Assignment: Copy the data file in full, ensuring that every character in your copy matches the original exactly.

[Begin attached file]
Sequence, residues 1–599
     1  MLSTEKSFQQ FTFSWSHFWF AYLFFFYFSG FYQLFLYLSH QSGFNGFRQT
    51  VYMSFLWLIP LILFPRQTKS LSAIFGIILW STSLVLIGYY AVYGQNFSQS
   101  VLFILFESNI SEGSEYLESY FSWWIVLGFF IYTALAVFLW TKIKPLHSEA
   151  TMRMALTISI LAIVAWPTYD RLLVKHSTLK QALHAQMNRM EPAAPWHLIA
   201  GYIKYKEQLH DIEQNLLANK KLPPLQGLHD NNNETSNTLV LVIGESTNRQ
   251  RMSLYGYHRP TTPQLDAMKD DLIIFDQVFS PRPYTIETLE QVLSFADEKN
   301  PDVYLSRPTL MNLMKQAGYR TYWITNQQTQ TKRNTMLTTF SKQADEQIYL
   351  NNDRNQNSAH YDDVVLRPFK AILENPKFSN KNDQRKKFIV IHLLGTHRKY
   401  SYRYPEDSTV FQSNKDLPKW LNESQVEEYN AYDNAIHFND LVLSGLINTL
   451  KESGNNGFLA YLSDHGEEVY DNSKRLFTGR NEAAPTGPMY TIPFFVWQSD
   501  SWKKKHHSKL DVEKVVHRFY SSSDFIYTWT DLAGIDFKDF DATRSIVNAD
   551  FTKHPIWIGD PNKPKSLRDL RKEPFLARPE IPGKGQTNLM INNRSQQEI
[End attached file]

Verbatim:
Sequence, residues 1–599
     1  MLSTEKSFQQ FTFSWSHFWF AYLFFFYFSG FYQLFLYLSH QSGFNGFRQT
    51  VYMSFLWLIP LILFPRQTKS LSAIFGIILW STSLVLIGYY AVYGQNFSQS
   101  VLFILFESNI SEGSEYLESY FSWWIVLGFF IYTALAVFLW TKIKPLHSEA
   151  TMRMALTISI LAIVAWPTYD RLLVKHSTLK QALHAQMNRM EPAAPWHLIA
   201  GYIKYKEQLH DIEQNLLANK KLPPLQGLHD NNNETSNTLV LVIGESTNRQ
   251  RMSLYGYHRP TTPQLDAMKD DLIIFDQVFS PRPYTIETLE QVLSFADEKN
   301  PDVYLSRPTL MNLMKQAGYR TYWITNQQTQ TKRNTMLTTF SKQADEQIYL
   351  NNDRNQNSAH YDDVVLRPFK AILENPKFSN KNDQRKKFIV IHLLGTHRKY
   401  SYRYPEDSTV FQSNKDLPKW LNESQVEEYN AYDNAIHFND LVLSGLINTL
   451  KESGNNGFLA YLSDHGEEVY DNSKRLFTGR NEAAPTGPMY TIPFFVWQSD
   501  SWKKKHHSKL DVEKVVHRFY SSSDFIYTWT DLAGIDFKDF DATRSIVNAD
   551  FTKHPIWIGD PNKPKSLRDL RKEPFLARPE IPGKGQTNLM INNRSQQEI